Once vague, Canada’s ultimate plans for China are becoming clearer. After several rounds of recent exploratory trade talks, Trudeau announced during a trip to China this month that his goal is to kick-start formal negotiations for a bilateral free-trade agreement. Making a pitch for a seat on the UN Security Council last year, Trudeau said Canada’s core values, such as respect for human rights, play a “pivotal role” in ensuring international peace and security. But as the Liberals continue to chase Chinese investment and access to Chinese markets, how forcefully they press human rights concerns will say a lot about their real priorities.
If Canada’s priorities are hazy in China, in Ukraine, they’re anyone’s guess. The Canadian government is publicly musing about supporting a peacekeeping mission there but, has stopped short of committing actual resources. At the same time, the government is signalling its openness to sending weapons to the Ukrainian army, which is locked in bloody war with Russia-backed rebels in which over 10,000 people have died since 2014. It’s a curious dance, and the Liberals will soon have to decide if they’re fierce enough backers of Ukrainian sovereignty (there is a sizeable Ukrainian diaspora in Canada) to arm one side of the conflict—or if they will instead take up Canada’s more traditional role as defenders of peace.
The consequences of all this indecision and gamesmanship may soon start to pile up. Following through on the scope of the initial peacekeeping promise might have gone a long way to achieving the Liberals’ long-stated goal of winning a temporary seat on the UN Security Council, which comes up for a vote in 2021. A win would be a big victory for Trudeau and an official indication that Canada is truly back in the good graces of the UN, where, under Stephen Harper, Canada was humiliatingly passed over for a Security Council seat in 2010. But to win, Canada will need support from Asian and African countries where peacekeepers are badly needed. After dragging out the peacekeeping decision and coming out with a downgraded offer, winning that support increasingly seems like a lost cause.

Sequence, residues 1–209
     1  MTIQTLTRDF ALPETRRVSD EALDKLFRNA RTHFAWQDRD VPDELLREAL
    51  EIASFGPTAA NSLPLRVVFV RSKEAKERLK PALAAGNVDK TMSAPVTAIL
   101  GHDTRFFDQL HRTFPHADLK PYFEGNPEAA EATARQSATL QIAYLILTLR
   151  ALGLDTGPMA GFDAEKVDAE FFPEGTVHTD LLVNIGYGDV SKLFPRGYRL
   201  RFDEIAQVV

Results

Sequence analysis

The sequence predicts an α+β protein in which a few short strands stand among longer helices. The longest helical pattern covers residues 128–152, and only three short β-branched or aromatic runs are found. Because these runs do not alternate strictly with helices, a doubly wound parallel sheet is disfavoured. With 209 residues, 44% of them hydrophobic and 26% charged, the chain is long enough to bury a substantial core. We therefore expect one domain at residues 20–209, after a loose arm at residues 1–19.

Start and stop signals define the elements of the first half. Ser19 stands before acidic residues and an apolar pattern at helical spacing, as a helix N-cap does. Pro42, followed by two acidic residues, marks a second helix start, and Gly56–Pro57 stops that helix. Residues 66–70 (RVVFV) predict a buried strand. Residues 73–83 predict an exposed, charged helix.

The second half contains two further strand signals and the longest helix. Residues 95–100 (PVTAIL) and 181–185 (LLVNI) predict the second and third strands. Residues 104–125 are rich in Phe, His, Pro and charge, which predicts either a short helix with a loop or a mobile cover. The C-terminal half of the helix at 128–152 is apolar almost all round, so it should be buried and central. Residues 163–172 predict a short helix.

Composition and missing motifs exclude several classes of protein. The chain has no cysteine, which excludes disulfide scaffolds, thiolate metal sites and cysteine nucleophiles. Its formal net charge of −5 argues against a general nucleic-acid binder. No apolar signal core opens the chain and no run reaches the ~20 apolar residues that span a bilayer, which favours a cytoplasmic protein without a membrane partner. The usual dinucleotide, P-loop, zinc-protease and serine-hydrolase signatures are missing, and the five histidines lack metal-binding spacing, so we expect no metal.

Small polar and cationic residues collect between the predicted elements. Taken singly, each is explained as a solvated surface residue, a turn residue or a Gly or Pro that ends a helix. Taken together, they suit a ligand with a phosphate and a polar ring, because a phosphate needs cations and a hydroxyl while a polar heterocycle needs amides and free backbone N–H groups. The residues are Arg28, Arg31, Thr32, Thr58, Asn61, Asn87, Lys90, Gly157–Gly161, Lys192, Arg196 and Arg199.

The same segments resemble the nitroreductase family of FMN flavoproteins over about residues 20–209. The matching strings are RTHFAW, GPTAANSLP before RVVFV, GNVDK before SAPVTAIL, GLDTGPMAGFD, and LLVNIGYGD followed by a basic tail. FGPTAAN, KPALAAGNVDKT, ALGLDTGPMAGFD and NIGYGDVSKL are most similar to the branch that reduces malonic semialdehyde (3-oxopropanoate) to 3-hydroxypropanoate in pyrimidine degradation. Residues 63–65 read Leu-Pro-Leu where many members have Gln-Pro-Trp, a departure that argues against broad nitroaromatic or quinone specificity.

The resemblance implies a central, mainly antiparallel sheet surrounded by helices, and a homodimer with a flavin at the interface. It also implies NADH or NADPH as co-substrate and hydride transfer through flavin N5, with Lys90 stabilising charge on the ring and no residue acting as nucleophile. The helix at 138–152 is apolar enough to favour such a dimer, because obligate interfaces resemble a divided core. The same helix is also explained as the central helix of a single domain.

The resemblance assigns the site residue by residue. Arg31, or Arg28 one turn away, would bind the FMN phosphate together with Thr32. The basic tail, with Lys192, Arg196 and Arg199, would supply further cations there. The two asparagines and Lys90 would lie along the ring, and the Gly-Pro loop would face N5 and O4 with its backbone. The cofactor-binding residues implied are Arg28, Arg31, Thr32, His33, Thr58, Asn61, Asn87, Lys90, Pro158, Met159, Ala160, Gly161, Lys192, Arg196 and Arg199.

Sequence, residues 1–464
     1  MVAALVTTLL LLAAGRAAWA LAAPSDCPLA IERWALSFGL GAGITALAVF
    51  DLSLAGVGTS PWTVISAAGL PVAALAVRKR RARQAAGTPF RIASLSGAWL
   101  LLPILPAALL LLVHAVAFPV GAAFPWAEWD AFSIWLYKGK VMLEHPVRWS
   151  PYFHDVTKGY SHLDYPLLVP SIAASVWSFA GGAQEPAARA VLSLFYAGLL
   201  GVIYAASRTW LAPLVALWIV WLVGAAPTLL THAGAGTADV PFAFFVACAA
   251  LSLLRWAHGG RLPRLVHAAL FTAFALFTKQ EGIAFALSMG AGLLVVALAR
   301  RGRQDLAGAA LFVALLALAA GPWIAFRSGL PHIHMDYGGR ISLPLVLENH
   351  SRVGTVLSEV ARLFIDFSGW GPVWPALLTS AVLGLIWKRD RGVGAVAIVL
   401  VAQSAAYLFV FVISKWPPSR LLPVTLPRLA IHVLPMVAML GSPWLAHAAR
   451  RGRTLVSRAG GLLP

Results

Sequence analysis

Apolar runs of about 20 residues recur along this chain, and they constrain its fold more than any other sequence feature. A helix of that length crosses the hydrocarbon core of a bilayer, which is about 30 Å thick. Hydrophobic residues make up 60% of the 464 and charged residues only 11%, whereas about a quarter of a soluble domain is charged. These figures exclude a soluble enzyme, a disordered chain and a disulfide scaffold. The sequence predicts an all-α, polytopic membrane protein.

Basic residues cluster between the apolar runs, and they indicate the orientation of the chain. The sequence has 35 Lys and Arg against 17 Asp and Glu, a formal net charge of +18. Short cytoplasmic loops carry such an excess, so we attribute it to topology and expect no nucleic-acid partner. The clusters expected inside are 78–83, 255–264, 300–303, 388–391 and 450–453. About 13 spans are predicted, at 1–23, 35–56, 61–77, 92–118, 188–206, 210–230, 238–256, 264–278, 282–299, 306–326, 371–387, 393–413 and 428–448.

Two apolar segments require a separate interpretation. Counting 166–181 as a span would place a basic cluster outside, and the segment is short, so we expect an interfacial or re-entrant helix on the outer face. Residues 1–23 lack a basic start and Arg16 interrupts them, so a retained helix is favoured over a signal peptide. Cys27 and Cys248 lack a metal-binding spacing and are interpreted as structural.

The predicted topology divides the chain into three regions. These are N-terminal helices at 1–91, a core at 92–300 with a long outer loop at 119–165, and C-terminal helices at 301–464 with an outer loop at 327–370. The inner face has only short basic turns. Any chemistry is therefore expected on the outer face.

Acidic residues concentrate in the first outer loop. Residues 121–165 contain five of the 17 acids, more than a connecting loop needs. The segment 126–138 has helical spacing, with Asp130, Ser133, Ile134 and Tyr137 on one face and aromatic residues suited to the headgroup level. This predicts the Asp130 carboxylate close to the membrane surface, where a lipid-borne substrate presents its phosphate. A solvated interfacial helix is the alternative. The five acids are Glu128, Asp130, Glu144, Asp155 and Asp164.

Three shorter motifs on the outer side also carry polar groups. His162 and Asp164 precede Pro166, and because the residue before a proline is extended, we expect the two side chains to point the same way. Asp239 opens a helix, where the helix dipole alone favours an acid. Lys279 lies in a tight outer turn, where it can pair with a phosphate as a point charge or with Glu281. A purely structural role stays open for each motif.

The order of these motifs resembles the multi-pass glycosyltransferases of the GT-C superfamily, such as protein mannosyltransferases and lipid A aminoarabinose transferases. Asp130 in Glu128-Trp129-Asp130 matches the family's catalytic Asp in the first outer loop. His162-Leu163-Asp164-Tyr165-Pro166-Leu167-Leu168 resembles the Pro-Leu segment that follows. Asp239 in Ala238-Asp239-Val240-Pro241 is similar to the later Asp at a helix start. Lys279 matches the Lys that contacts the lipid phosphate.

Canada’s clout on the world stage could suffer too. There’s been a lot said about the power of Canada’s moral leadership in promoting international peace and human rights—and yet talking up these values while only applying them selectively is likely to harm our moral image. Our allies, too, may tire of our antics. When Canada stalled for time on the peacekeeping decision, Germany and Belgium dutifully jumped in to fill the gap. Now that we’ve left them holding the bag, they may think twice about helping us in the future.
Until now, Justin Trudeau’s ability to conjure up an aspirational vision of Canada’s role in the world has been an asset. But as we get deeper into his mandate, it’s becoming increasingly clear that Canada’s actions on the global stage are at odds with that vision. Without a recalibration, his word (and Canada’s) will only carry weight for so long.